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Police Recover Stolen Bible
After Church's String of Bad Luck
BY DENISE HOLLINSHED ©2012 Religion News Service
scruffy-looking man walked up and down St. Louis' antiques row trying to peddle an old Bible to store owners, but several thought something was amiss.
Kenez Jakovac of Hammonds Books said he felt the same way, but paid the man $30 for the Bible on December 23. Jakovac said he believed the Bible was worth $500 to $1,000 and he suspected it might be stolen.
He said he did an Internet search the day after Christmas and found a Post-Dispatch
story about a special Bible stolen from St. John’s Lutheran Church just days before Christmas services.
He said he called police, who were already scoping out local antiques stores after hearing from others that a man was trying to sell a big, antique Bible. Police picked up the Bible and returned it to Joan Potvin, secretary at the church.
"It's been a good day," Potvin said. "I can't even believe it. There is definitely a God, and he's been generous."
Authorities had a description of the burglar from surveillance images, and about the same time the Bible was found, officers were tipped off that someone matching the description was in the area. Officers arrested the man, who was wearing clothes similar to what was seen on the burglar in surveillance footage.
Cherri Elder of Elder's Antiques said she believed she was offered the same Bible by the same man on December 23. She said she declined to buy it because she didn't like the looks of the man. "Who steals from a church?" she said Wednesday (December 26). "It's not right."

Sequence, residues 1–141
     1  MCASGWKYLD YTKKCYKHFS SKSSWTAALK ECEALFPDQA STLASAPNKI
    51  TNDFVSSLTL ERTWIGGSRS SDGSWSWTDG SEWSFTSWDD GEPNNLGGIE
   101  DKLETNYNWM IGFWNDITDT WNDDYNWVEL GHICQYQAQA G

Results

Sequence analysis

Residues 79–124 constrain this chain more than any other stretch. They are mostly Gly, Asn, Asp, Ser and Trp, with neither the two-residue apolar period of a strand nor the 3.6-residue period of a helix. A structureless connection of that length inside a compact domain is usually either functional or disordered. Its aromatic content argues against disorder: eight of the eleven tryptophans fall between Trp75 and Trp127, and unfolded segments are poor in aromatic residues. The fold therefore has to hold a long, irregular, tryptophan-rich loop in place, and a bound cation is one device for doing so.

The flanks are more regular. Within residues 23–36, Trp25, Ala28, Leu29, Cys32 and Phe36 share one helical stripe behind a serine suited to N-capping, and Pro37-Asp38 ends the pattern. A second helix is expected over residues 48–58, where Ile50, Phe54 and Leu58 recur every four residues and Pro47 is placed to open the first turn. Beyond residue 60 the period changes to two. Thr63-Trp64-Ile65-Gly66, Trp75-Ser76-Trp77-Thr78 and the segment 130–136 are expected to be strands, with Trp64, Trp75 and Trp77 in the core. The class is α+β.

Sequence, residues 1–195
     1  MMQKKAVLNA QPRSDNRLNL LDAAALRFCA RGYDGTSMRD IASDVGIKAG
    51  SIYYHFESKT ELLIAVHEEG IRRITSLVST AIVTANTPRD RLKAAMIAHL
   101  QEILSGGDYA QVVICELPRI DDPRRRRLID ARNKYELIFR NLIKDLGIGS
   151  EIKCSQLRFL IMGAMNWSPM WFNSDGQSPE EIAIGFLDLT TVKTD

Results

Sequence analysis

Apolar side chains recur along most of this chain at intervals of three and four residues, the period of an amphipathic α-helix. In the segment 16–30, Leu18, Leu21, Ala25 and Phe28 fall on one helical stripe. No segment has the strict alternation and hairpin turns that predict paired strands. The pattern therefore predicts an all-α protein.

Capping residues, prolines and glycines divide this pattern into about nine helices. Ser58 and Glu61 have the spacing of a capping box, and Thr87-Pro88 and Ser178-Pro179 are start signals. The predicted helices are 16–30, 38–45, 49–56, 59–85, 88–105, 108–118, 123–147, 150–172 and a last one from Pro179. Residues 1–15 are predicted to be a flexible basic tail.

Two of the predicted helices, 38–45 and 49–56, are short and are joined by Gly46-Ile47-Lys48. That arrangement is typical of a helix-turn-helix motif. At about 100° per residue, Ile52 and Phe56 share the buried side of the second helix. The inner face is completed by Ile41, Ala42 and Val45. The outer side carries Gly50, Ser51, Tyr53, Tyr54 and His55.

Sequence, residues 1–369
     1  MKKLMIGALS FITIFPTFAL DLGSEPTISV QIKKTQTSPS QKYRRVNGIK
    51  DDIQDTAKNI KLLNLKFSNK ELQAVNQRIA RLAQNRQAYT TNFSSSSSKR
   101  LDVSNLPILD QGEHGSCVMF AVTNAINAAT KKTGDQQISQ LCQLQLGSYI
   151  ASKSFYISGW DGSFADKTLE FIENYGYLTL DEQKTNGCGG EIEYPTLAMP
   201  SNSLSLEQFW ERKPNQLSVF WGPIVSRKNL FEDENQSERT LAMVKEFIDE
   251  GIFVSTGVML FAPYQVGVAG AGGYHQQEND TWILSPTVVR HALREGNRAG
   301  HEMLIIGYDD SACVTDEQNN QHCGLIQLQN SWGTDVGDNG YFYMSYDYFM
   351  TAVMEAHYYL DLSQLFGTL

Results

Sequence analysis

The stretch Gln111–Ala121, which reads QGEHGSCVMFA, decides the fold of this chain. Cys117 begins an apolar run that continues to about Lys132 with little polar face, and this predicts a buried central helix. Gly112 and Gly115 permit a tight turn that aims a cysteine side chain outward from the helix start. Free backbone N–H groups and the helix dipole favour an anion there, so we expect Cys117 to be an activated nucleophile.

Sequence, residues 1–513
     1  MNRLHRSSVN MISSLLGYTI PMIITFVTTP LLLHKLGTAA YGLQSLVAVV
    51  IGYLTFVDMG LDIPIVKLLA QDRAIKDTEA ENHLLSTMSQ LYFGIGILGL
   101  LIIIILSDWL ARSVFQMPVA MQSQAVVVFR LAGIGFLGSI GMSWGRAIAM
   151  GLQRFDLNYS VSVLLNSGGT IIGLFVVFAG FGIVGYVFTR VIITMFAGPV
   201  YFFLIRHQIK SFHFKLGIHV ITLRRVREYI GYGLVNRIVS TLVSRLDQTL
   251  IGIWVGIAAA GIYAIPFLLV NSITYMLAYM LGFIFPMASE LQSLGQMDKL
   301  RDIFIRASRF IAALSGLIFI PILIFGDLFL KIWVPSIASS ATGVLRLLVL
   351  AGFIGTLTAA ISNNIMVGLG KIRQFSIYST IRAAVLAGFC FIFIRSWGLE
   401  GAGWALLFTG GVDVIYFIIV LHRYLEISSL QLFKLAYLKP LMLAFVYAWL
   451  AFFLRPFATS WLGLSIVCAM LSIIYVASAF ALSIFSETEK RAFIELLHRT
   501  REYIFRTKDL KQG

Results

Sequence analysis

The Bible, which dates to the 19th century and weighs more than 15 pounds, was stolen from St. Johns on December 21. The antique Bible is used only for special occasions and had been brought out of storage for Christmas services when it was taken during a break-in at the church.
It was the fourth break-in at the church in a week, according to Eunice Bain, a member of St. Johns who oversees the altar items. She said the church had been vandalized more than a dozen times in the last year.
Bain said the same man appears in the church's surveillance videos from two of the most recent break-ins.
Also recently, someone broke into the church's school buildings, breaking doors and stealing $1,000 worth of fundraising gift cards. The person also broke into the freezer in the church's food pantry, ruining food meant for distribution to the community's poor.
In other incidents this year, someone used a fire extinguisher to break windows, painted graffiti on the church walls and swiped the church's two computers, Bain said.
During the December 21 break-in, the suspect broke a number of windows, threw paper around the sanctuary and stopped to eat cookies and cake baked for a church fundraiser before stealing the Bible.
Authorities believe the man arrested may be responsible for six burglaries at the church since September.
The church got more good news; on top of getting the Bible back, an anonymous donor gave the church a substantial amount of money to buy a security system, Potvin said.